Kennedy, a sociologist, catapults the reader around the world, through 60,000 years of history, in fewer than 250 pages. The book’s obvious predecessor is William H. McNeill’s 1976 work, “Plagues and Peoples,” to which Kennedy appropriately nods. Kennedy, for his part, wrangles an astonishing breadth of material into easily accessible, plain prose. He challenges us to think big and long about the enduring impacts of infectious-disease outbreaks — “an invisible but devastating weapon of mass destruction” — all in the service of his argument that “plagues that occurred thousands of years ago played a crucial role in shaping the world we now inhabit.”
“Pathogenesis” is organized chronologically, with each chapter representing a different historical period and illuminating how key events of the era were manipulated by microbes. He explains how Neolithic European farmers probably fell to Black Death from Yersinia pestis, allowing the Steppe Herders to move in, bringing wheel, wagon and language with them. Malaria and yellow fever, he writes, “created a defensive force field that made military conquest all but impossible” for Europeans trying to colonize much of sub-Saharan Africa. Gen. Charles Cornwallis’s troops were no match for deadly malaria, and Yorktown was lost — and soon the Revolutionary War for the British. And so on.
Immunity may be exploited, though. “West African labor suddenly became a much more appealing proposition for plantation owners,” Kennedy writes of North American colonies in the late 1600s, because of some Africans’ partial immunity to malaria. According to Kennedy, this led to the emergence of slavery in the South: “In fact, malaria had the biggest impact on the expansion of slavery in counties where labor-intensive crops were grown.”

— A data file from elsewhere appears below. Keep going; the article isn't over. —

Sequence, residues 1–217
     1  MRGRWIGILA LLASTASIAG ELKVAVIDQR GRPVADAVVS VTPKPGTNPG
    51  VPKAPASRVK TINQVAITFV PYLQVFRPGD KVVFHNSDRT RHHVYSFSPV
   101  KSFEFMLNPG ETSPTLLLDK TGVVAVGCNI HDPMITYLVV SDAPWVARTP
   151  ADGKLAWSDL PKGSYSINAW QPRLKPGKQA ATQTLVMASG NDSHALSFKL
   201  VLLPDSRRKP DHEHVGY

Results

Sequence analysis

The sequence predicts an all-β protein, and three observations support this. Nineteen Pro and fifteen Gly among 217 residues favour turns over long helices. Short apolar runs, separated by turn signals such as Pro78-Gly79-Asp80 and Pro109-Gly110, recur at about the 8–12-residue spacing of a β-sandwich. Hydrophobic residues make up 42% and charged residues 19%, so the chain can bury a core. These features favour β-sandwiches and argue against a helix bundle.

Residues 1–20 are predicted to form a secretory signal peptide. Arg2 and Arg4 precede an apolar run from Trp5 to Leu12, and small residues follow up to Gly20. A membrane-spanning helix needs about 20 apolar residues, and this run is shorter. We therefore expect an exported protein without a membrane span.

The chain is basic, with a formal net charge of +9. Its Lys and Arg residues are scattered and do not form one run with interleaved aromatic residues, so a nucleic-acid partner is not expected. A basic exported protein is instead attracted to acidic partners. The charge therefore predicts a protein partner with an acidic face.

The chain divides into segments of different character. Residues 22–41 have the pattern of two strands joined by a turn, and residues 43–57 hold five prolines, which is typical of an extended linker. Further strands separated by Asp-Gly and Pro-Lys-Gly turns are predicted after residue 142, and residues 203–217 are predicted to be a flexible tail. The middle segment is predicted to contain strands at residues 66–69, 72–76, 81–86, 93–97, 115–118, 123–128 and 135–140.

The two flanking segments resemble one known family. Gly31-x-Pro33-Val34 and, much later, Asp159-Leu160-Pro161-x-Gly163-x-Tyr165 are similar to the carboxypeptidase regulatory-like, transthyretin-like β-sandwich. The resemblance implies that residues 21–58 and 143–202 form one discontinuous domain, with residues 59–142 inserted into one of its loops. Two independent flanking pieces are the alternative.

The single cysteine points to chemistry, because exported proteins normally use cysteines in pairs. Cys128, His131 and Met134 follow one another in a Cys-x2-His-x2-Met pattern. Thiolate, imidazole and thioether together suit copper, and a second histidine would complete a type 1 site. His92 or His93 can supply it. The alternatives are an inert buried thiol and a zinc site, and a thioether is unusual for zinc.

Kennedy, who teaches global public health at Queen Mary University of London, writes through a historical lens rather than a biological one. Surprisingly, though, for a book on plagues, he doesn’t dwell on the pathology of individual diseases, sometimes glossing over their symptoms. No deep scientific dissections are needed, but he might have drawn more from the rich bounty of poetry and literature that many of these pathogens have inspired. In the 17th century, for example, John Dryden memorably described the disfiguring marks that gave smallpox its name: “Blisters with pride swell’d, which through’s flesh did sprout / Like rose-buds, stuck i’ th’ lily-skin about.”
Maybe it’s the professor in Kennedy who’s practiced in leading classrooms that motivates him to start many sections with popular cultural references: “The Seventh Seal,” Monty Python, “Game of Thrones.” The resonance of these references will vary from reader to reader. Kennedy’s personal anecdotes can feel still more misplaced — his account of coming across rubberneckers at Stonehenge on his drive to visit his parents isn’t the most compelling way to introduce the famous landmark — but, fortunately, he doesn’t slip into first-person stories often. That said, when he seems to be uncovering the material along with us, we are carried along by his own passionate ride of discovery. The book gathers fiery momentum as it goes, especially from colonial plagues on.